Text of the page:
For example, will the urn only hold your loved one’s remains up until you spread them in a place that’s meaningful to you, or do you intend to keep the remains in your own home to keep your loved one’s memory close? If you want somewhere to visit as you would with a burial grave, many cemeteries include columbaria where you can keep cremated remains on display in a nice looking urn (for an additional expense of around $1,000). Or you could bury the ashes in your own backyard to have a spot to visit that’s especially close to you, in which case you may be fine with using the box the ashes are returned to you in.

Investing in a beautiful decorative urn makes more sense if you’re going to be keeping it on your own mantle or in a columbarium, whereas spending less on something that suffices will make more sense if you’ll be burying or scattering the ashes soon after you receive them. Recognizing different needs, companies sell urns in a range of visual styles, urns that are biodegradable, and those that are approved for air travel. This is an area where you have a lot of control over the cost based on your personal preferences, and you should be able to find affordable options if you’re still reeling from the cost of the cremation itself.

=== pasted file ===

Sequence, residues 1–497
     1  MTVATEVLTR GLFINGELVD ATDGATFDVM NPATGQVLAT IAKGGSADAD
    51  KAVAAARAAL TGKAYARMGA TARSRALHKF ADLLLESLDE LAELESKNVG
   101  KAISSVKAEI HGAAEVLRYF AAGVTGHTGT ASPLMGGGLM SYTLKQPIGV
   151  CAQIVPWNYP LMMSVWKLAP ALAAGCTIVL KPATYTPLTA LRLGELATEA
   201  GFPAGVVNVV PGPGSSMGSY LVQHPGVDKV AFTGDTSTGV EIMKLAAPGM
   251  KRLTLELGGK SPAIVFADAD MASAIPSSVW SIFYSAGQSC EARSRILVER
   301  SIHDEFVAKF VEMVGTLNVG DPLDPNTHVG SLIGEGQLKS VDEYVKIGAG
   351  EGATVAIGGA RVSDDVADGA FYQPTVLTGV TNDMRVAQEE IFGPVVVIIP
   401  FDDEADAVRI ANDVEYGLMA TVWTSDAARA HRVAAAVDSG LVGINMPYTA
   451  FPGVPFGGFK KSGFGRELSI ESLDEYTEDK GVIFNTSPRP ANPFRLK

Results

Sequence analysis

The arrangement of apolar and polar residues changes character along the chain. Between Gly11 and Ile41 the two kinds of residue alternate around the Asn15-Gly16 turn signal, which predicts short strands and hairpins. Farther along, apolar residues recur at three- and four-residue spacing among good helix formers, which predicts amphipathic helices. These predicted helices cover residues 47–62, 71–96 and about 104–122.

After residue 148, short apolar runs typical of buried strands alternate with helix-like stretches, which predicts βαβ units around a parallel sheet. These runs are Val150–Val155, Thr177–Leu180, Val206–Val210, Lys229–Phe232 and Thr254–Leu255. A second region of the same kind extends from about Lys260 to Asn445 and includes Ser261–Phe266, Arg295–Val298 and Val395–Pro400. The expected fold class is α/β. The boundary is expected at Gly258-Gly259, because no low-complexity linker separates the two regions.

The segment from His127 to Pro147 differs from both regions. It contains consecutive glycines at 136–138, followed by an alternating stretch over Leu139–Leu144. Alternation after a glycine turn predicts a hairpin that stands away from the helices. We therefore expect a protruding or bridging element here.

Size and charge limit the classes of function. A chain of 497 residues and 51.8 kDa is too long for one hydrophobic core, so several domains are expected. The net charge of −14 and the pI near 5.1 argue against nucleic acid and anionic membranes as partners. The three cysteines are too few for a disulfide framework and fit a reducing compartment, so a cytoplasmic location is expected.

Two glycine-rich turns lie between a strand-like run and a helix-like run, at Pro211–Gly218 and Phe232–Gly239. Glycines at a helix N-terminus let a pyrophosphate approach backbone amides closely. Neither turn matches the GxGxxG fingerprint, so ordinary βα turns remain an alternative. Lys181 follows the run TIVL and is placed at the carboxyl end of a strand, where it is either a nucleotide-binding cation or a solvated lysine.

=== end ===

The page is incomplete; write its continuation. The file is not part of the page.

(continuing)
How to Choose a Cremation Provider

Begin by calling funeral homes, crematories, and cremation societies in your area, and find out what specific services they provide. Some businesses will offer just the cremation itself, while others provide end-to-end offerings that cover everything from the cremation to your choice of service and treatment of remains. In some cases, businesses that offer different services will partner together, such as a crematory and a funeral home, in order to offer the full suite of services you need between them.

When you call, ask about the costs of cremation. Start by getting quotes for a direct cremation, the least expensive option, so you know the minimum amount you’re dealing with. Then enquire about any additional add-on services or alternative packages you’re potentially interested in.